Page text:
Other ways to increase your fortnightly income might be tutoring online, working with the HSE or in retail – all of whom are recruiting at the moment. I totally get that this is not feasible for everyone – due to various reasons – childcare issues, underlying heath conditions etc. but it may be worthwhile considering for some substitute teachers.
Finally, goal setting – thinking fortnightly – if this situation continues – for one month – how can you survive on your projected income? (Create a short term plan), 2 months (create a medium term plan), 3+ months (create a long term plan) to help you to live within your means. If you would like a goal setting template please feel free to contact me at email@example.com and I will get one to you.
- Plan in advance
If you teach in a permanent or temporary capacity and you have a job to go back to, putting some plans in place in terms of your return may be a useful point to take action on.
What might the return to school be like? For some children, they may have had amazing life-enriching experiences – baking, playing ball, reading and spending time with their parents. For others, they may have suffered abuse, neglect and hurt while in isolation. Going to school for these pupils is their safe haven. While we bring pupils up to speed with the academic side of the curriculum – we must ensure that the emotional needs of these pupils are identified and supported. What supports and schemes may you use to help them? What concerns may you have and are you ready (if the situation arises) to report them to your school Designated Liaison Person?
On a lighter note, other preparations you may make might mean – having something to look forward to for your first day back eg. buying a new outfit or lunchbox/bag (online, of course) that may make the morning of the first day back a little easier or exciting.
Also; reflect – what lessons that we learned during these days in isolation that can be used now to improve your teaching in the future? Personally, I can see that the education system is coming on in leaps and bounds, in terms of embracing new technologies to help us teach and teachers are doing an amazing job using new methodologies to get information across to pupils. I also feel that overwhelmed teachers are getting an opportunity to reduce stress and re-prioritise what’s important to them. Asking the question ‘What lessons have I learned about myself and my work while in isolation?’ is a worthwhile one to ask. Then, bearing this time in mind – are there any changes you need to make to your daily working schedule/habits etc. It may be necessary to make some changes.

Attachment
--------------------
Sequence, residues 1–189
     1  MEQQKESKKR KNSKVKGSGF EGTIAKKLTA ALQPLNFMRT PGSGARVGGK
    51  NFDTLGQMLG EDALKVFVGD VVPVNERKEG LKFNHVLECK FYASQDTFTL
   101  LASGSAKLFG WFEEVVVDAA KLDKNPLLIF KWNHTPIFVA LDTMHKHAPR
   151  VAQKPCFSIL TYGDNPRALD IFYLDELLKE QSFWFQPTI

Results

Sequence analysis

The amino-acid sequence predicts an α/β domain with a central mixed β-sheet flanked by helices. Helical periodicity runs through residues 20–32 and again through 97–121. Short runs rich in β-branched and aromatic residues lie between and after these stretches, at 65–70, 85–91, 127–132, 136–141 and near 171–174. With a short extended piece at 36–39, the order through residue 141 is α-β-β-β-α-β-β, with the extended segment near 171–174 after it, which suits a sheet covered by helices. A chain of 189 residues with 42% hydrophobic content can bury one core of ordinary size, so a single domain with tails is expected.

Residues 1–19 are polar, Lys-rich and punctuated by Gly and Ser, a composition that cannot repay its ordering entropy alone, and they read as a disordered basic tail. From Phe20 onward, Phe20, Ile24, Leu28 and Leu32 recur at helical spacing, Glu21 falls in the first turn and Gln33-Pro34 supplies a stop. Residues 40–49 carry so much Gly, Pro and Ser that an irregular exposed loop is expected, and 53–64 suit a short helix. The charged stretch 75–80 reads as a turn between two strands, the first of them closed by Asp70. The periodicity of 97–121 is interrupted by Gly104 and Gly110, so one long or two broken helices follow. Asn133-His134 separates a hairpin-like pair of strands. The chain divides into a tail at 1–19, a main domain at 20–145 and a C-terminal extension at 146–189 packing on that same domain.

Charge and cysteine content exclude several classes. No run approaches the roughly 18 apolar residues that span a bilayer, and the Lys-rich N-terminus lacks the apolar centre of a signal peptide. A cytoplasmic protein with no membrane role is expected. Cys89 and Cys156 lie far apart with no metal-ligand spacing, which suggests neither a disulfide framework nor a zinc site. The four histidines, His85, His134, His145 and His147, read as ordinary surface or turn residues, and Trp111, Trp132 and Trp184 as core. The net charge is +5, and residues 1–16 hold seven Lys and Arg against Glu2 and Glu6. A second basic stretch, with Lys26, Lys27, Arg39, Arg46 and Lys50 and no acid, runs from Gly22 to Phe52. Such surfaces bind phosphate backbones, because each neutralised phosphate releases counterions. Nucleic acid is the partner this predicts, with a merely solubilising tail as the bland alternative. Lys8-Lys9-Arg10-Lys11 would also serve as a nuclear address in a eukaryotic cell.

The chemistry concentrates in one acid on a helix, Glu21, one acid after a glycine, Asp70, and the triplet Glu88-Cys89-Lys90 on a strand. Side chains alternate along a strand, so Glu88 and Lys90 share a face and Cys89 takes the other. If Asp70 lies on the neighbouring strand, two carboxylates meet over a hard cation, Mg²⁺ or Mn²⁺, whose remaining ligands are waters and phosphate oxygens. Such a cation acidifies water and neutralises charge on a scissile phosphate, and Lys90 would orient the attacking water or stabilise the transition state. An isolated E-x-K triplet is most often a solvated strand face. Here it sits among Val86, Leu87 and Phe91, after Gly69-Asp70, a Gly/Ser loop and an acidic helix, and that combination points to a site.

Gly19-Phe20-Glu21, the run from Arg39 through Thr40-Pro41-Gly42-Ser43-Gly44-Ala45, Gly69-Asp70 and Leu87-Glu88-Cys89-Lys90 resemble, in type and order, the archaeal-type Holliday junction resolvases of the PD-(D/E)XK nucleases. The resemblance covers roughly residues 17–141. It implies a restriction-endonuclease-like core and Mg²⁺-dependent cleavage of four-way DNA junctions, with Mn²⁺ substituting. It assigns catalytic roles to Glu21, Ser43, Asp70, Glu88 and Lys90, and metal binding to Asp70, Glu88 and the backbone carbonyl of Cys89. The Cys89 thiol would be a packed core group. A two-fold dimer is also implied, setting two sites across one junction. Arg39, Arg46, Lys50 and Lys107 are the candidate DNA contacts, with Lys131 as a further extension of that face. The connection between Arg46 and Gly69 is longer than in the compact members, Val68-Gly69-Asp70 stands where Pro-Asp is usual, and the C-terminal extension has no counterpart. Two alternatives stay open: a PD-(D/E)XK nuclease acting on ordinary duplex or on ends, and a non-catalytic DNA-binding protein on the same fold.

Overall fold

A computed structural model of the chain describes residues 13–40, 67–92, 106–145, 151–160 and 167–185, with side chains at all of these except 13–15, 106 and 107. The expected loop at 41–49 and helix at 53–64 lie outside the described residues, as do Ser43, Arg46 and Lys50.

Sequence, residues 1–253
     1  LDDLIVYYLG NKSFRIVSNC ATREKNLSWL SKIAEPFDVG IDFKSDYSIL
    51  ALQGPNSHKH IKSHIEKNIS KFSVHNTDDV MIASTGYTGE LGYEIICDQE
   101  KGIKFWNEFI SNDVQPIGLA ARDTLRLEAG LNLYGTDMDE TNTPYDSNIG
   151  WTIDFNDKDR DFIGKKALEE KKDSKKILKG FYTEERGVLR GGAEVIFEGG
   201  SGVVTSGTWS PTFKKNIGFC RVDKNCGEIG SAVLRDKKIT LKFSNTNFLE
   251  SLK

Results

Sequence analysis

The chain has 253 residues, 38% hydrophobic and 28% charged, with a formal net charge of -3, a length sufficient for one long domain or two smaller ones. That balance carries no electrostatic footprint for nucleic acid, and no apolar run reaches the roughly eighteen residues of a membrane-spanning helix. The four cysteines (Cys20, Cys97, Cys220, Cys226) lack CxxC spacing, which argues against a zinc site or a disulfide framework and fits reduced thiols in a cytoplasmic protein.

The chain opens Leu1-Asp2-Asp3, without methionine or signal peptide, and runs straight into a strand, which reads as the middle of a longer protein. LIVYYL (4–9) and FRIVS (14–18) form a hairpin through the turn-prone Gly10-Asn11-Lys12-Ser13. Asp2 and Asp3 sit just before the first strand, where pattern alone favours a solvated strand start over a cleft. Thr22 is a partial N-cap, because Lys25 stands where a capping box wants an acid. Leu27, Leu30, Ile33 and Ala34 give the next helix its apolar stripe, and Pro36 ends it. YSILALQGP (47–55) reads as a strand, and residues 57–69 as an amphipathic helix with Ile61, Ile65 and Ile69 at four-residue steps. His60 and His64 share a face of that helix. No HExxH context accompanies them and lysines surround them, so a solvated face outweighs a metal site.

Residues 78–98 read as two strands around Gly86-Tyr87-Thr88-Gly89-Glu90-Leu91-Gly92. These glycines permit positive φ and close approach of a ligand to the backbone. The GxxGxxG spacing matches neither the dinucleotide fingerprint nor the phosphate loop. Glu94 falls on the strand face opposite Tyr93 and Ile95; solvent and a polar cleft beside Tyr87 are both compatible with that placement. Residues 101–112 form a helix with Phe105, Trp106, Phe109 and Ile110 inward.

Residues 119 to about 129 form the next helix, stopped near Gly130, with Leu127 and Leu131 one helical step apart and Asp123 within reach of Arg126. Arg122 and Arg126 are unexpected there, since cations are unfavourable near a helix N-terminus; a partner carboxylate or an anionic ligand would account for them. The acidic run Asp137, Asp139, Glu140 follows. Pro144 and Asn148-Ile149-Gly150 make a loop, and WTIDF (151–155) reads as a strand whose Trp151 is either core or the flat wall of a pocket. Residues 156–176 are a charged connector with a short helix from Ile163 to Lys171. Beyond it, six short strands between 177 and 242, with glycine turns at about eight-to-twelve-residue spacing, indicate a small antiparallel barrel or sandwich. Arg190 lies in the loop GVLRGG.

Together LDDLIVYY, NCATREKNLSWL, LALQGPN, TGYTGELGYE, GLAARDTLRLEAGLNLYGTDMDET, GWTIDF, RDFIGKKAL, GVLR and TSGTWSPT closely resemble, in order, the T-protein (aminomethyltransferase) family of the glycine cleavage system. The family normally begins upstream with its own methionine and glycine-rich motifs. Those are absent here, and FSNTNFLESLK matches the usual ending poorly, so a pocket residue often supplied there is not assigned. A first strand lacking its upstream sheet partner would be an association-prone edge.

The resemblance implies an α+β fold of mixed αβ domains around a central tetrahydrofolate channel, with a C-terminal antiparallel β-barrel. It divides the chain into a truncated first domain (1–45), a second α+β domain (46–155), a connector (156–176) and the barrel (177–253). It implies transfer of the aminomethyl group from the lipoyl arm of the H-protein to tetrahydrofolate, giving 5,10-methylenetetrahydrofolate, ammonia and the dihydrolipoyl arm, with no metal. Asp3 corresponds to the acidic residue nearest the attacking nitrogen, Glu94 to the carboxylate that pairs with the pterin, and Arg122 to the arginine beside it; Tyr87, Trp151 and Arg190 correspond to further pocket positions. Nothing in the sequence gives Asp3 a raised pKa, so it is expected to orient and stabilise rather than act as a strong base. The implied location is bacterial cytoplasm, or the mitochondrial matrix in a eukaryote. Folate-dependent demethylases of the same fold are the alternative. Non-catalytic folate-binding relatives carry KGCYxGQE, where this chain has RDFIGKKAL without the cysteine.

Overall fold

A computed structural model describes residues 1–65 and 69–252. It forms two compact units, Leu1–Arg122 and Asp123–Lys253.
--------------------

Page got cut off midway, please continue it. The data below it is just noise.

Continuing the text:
4. Jobs, Application Forms, CVs and Interview Preparation
For any substitute teachers who do not have a position to return to – the return to work when it happens, will mean a quick scavenger hunt to secure a job asap. Using this time to update your CV/Application Form with your most recent experience, most recent CPD and outlining how you’re an even better teacher as a result of the Corona Virus time at home.
Also, getting your name included in Whatsapp groups, onto Subseeker, SubSearch and reaching out to Principals you know, from the offset – once word goes out of the return to school could mean getting a position straight away.
The top thing that we can do during this time is to relax. Taking time out each day for ourselves – to really get in touch with what we need and take action on what will help us boost our immune systems, give us a sense of calm and rejuvenation. Think back to when you felt most relaxed – what were the conditions? What were you doing? How did you feel in your body and in your mind? For me, running is a major reliever of stress and taking a spa day/retreat in which I ban social media, eat healthy, tasty foods and spend some time alone. Knowing this, I can rule out the things that may help others to relax – like watching tv, painting etc and instead, create opportunities and situations in which I’m doing the things that really relax me. I have the time to do that now of course! Furthermore, putting appointments in my diary for the future – also encourages me to prioritise activities to help me relax as we go back to school. Hopefully these lessons will become part of our new normal.
In conclusion, whenever this is over, we will return to school. We will greet our pupils with joy, merriment and relief and we will begin again. Yes, there will be pain. But there will also be learning and fun memories and laughter and joy and community spirit. Substitute teachers – you may be in a pickle at the moment but we can get through this. Please know that I’m here to help you if you’re going through a rough time. We are ready to support one another.